4. In the manufacture of electric appliances, such as flat-irons, the method which comprises initially preforming an electrical heating unit by molding completely about a current conductor a body of mobile refractory insulating talc-containing material shaped to ilt in a cavity or recess of the appliance thus forming a self-supporting unit comprising only the insulating material and the embedded conductor, placing the preformed unit in the said cavity or recess with said insulating material contacting the Walls of said cavity, and subjecting the unit to pressure sufilcient to crush and consolidate the unit in its cavity.

5. In the manufacture of electric appliances, such as flat-irons, the method which comprises initially preforming an electrical heating unit by molding completely about a current conductor a body of mobile refractory insulating material shaped to nt in a cavity or recess of the appliance thus forming a self-supporting unit comprising only the insulating material and the embedded conductor, said material containing an extrudable filler capable of flowing under pressure when dry, placing the preformed unit in the .said cavity or recess with said insulating material contacting the Walls of .said cavity, and subjecting the unit to pressure suiuclent to crush and consolidate tile unit in its cavity.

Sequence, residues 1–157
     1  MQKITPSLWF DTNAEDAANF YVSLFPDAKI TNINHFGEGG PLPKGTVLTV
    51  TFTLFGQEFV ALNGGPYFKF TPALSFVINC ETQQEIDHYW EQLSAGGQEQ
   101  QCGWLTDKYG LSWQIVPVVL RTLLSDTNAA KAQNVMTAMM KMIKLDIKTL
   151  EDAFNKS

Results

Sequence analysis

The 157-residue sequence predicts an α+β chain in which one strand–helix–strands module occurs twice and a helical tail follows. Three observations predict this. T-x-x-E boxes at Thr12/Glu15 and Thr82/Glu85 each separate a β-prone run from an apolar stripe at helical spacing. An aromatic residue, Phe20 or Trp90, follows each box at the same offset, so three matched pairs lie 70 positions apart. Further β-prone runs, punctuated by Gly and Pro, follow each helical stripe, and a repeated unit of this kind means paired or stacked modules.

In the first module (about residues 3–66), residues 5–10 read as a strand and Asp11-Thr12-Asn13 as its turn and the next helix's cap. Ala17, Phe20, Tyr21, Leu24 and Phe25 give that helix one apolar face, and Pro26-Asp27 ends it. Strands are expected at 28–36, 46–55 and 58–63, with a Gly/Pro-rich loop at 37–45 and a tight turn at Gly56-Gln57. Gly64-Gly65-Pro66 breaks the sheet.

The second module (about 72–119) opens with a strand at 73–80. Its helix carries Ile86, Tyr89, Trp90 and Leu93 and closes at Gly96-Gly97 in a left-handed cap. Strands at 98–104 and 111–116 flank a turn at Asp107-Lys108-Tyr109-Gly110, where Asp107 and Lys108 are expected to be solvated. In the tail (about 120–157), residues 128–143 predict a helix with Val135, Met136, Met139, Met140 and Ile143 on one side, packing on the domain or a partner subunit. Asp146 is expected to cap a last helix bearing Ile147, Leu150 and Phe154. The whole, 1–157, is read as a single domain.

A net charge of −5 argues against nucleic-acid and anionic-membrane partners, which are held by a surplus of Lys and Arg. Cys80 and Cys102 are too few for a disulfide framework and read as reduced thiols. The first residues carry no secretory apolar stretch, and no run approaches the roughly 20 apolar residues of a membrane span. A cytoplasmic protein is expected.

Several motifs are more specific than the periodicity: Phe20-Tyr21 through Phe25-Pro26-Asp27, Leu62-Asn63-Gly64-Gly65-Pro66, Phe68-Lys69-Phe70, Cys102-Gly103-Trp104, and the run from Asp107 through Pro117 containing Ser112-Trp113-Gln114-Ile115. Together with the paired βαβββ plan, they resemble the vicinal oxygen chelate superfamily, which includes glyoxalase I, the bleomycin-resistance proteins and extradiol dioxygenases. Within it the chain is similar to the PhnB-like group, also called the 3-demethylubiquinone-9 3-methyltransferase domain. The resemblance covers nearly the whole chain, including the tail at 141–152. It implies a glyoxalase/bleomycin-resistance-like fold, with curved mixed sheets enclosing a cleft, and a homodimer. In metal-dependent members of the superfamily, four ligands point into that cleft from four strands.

6. In the manufacture of electric appliances, such as flat-irons, the method which comprises initially preformed an. electrical heating unit by molding completely about a current conductor a body of mobile refractory insulating material shaped to iit in a cavity or recess of the appliance thus forming a selfnsupporting unit comprising l its cavity.

only the insulating material and the embedded conductor, drying the preformed unit, placing the preformed unit in the said cavity or recess with said insulating material contacting the walls of said cavity, and subjecting the unit to pressure suillcient to crush and consolidate the unit in its cavity.